The Saudi Arabian Monetary Agency, as the central bank is known, decided to give banks about 20 billion riyals ($5.3 billion) in the form of time deposits “on behalf of government entities”, introducing seven-day and 28-day repurchase agreements, as part of its “supportive monetary policy”, reported Bloomberg
The Saudi Arabia central bank ‘s step came to support lenders in the Arab world’s biggest economy as they grapple with the effects of low oil prices.
According to Bloomberg, The plunge in oil prices over the past two years forced the government to draw down on its deposits in the banking system, squeezing domestic liquidity. That’s pushed up the three-month Saudi Interbank Offered Rate, a key benchmark used for pricing loans, to the highest level since 2009.
The announcement comes as the world’s biggest oil exporter prepares to sell its first international bonds to finance a budget deficit that the International Monetary Fund expects to reach about 13 percent of economic output this year. The economy will likely expand 1.1 percent in 2016, according to a Bloomberg survey, the slowest pace since 2009.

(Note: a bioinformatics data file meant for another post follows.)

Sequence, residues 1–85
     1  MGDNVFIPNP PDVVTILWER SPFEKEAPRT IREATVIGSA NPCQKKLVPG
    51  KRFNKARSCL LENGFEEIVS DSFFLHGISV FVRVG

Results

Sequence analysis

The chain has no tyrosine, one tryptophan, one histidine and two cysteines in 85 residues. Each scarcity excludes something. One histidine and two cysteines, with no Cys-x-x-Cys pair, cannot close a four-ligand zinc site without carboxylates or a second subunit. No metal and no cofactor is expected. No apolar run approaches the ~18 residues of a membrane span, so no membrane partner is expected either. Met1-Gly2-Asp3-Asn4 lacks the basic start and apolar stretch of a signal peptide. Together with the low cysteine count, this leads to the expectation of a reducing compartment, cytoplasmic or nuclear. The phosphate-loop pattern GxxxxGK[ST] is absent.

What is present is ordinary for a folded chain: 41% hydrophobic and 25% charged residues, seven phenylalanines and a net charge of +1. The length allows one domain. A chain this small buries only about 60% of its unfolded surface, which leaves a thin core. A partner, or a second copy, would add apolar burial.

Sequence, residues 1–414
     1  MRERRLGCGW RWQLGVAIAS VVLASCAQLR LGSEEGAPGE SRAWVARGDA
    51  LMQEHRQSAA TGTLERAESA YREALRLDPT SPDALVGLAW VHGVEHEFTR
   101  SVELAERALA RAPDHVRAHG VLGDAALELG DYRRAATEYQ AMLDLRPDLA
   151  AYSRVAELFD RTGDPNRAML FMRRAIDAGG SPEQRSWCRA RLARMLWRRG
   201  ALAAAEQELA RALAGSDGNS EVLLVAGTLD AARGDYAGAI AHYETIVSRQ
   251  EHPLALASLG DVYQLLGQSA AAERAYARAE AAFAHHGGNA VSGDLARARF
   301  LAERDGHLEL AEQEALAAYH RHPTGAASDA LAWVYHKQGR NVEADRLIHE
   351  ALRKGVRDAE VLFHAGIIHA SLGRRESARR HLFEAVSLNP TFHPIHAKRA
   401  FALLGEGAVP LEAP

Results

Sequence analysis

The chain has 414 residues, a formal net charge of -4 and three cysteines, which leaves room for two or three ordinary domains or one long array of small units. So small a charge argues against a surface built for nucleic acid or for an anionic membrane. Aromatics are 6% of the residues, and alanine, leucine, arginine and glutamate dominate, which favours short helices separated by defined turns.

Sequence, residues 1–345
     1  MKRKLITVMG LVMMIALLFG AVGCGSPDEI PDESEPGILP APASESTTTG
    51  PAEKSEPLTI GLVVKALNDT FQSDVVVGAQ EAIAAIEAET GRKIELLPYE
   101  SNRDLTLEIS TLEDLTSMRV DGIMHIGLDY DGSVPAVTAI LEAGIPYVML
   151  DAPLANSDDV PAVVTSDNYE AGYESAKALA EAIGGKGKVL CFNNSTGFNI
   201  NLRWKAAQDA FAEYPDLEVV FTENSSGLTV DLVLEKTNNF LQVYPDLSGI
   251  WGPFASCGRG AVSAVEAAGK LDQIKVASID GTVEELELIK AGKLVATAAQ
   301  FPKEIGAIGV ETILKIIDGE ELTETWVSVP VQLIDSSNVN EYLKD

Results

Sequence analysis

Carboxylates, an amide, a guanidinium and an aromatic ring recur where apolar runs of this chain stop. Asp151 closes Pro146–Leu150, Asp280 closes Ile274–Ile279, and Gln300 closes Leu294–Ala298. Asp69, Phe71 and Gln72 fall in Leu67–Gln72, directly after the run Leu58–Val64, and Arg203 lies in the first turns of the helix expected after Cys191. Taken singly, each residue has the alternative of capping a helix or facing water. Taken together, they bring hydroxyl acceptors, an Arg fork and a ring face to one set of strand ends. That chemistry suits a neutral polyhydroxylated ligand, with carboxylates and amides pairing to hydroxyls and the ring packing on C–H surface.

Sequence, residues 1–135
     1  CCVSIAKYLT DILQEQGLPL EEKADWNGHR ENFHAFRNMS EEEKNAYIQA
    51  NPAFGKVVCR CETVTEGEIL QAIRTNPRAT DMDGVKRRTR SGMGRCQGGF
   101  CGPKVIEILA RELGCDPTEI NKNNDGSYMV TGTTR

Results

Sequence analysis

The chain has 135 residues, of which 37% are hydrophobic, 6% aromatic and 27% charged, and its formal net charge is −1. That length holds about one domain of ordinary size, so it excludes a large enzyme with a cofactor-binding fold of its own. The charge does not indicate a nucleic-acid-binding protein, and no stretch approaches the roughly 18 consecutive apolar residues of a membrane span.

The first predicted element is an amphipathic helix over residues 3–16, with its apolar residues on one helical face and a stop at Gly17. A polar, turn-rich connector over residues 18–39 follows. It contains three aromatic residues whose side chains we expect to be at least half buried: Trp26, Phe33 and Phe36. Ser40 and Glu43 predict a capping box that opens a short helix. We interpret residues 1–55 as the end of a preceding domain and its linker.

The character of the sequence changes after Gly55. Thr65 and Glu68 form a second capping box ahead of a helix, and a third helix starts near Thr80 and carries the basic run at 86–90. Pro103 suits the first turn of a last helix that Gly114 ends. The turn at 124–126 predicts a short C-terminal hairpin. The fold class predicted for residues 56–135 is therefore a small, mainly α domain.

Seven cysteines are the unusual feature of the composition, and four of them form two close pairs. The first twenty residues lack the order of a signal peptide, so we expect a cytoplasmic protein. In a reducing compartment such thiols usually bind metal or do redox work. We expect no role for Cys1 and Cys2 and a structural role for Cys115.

“They don’t want to come to the market with a Eurobond when these concerns aren’t addressed,” said Apostolos Bantis, a Dubai-based credit analyst at Commerzbank AG. “It will show investors that the government is committed to support the banking system.”
The Saudi index for banking shares has declined 17.6 percent this year, compared with a 14.4 percent drop for the benchmark Tadawul All Share Index.